St. Stephen (born in 975 as Vajk, died in 1038) was the last Hungarian grand prince and the first Hungarian king, and is Hungary’s patron saint. The son of Grand Prince Géza and his wife Sarolt, he created the Christian Hungarian state and is one of the most important figures in Hungarian history.
Vajk was christened sometime between 985 and 989. To ensure that Hungary adopted Christianity and oriented itself towards the West, Géza excluded his rival, Koppányi from succeeding to the throne and named his son Stephen as his successor. Adalbert, who hailed from Prague, confirmed the young Stephen and then in 995 married Stephen to Gizella Liudolf, the daughter of Henry II, Duke of Bavaria. One of Stephen’s most important collaborators, the monk Astrik, who had arrived from Prague in 993, appealed to Pope Sylvester II to confirm Stephen’s rights. Thanks to Astrik, the pope conferred a crown upon Stephen together with the apostolic right to establish dioceses and appoint members of the Church. By way of his coronation on January 1, 1001 (on Christmas, 1000, according to the Julian calendar), he became King of Hungary “by the grace of God”. Stephen had to fight bloody battles with the lords revolting against him. By 1028, his state extended to the entire Carpathian Basin and its form of government did not change until the 20th century. The thousand-year-old Hungarian set of laws starts with the laws he enacted.
As King Stephen also enjoys historical significance as an organizer of the Church, he and his heirs bore the title of apostolic king. He ordered that Sundays be observed and that one church be built for every ten settlements. He continued and completed construction of the Benedictine Abbey in Pannonhalma. He had the Esztergom Cathedral, the Székesfehérvár Basilica, and the Saints Peter and Paul Church in Óbuda built. King Stephen invited Benedictine priests to come to Hungary, established monasteries that helped Latin writing flourish, and ran schools that became intellectual centers for learning. He established archdioceses in Esztergom and then in Kalocsa, allowing the Hungarian Church to gain independence from the German Church. In addition, he also established eight bishoprics.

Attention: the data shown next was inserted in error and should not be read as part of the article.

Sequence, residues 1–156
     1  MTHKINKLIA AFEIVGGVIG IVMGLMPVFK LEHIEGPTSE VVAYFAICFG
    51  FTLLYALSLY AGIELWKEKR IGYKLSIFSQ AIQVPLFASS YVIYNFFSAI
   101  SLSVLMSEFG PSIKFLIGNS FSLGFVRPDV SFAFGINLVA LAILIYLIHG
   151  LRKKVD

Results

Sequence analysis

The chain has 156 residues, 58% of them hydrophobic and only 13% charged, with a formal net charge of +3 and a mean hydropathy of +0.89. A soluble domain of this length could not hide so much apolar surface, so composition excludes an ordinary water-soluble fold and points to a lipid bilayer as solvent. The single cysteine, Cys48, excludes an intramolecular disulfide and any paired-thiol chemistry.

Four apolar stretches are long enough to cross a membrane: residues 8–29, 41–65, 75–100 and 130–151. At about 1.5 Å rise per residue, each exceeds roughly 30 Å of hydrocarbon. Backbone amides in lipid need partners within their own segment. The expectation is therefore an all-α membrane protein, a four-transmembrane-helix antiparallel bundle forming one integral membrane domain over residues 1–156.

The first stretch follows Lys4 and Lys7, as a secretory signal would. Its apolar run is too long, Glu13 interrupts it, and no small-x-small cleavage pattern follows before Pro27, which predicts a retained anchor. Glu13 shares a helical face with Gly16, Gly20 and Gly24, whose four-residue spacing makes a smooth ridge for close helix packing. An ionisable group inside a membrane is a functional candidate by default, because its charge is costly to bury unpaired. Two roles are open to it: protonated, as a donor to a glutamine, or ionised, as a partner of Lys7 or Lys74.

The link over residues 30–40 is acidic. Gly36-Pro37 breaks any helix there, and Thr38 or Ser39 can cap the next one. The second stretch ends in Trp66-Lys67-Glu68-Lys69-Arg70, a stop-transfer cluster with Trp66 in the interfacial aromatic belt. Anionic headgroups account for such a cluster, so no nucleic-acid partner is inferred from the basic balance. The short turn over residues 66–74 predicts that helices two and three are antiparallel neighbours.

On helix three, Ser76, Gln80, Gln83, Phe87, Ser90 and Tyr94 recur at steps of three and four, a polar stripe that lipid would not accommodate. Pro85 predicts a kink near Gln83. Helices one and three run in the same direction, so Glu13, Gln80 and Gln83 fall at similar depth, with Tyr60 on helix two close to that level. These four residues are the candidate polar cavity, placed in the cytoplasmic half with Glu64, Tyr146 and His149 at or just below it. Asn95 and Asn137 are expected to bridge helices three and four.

St. Stephen ensured that Christian Hungarian spirituality became a presence outside of Hungary, as well: he had guest houses built for Hungarian pilgrims in Constantinople, Jerusalem, Ravenna, and Rome for visits to the Holy Land and Rome. The pilgrimage house in Rome was demolished centuries later, when Pope Pius VI initiated the rebuilding of St. Peter’s Basilica in 1776 and it was found to be in the way. A plaque on the outer wall of St. Peter’s Basilica sacristy commemorates the former house.
St. Stephen died on August 15, 1038, and he was buried in Székesfehérvár in the basilica he himself had had built. Before his death, he offered up his crown and his country to the Virgin Mary. Ever since, the Virgin Mother has been revered as Our Lady of Hungary. Pope Leo XIII granted Hungarians license to hold a separate holiday in St. Stephen’s honor.
At the initiative of King St. Ladislaus, he was canonized by Pope Gregory VII. The Orthodox Church canonized St. Stephen in 2000.
His mummified Holy Right Hand, on display in St. Stephen’s Basilica, is an important relic. August 20, the day on which King Stephen was canonized, has been a national holiday since 1771. The Admonitions written by St. Stephen to his son Emeric remain interesting and useful reading to this day.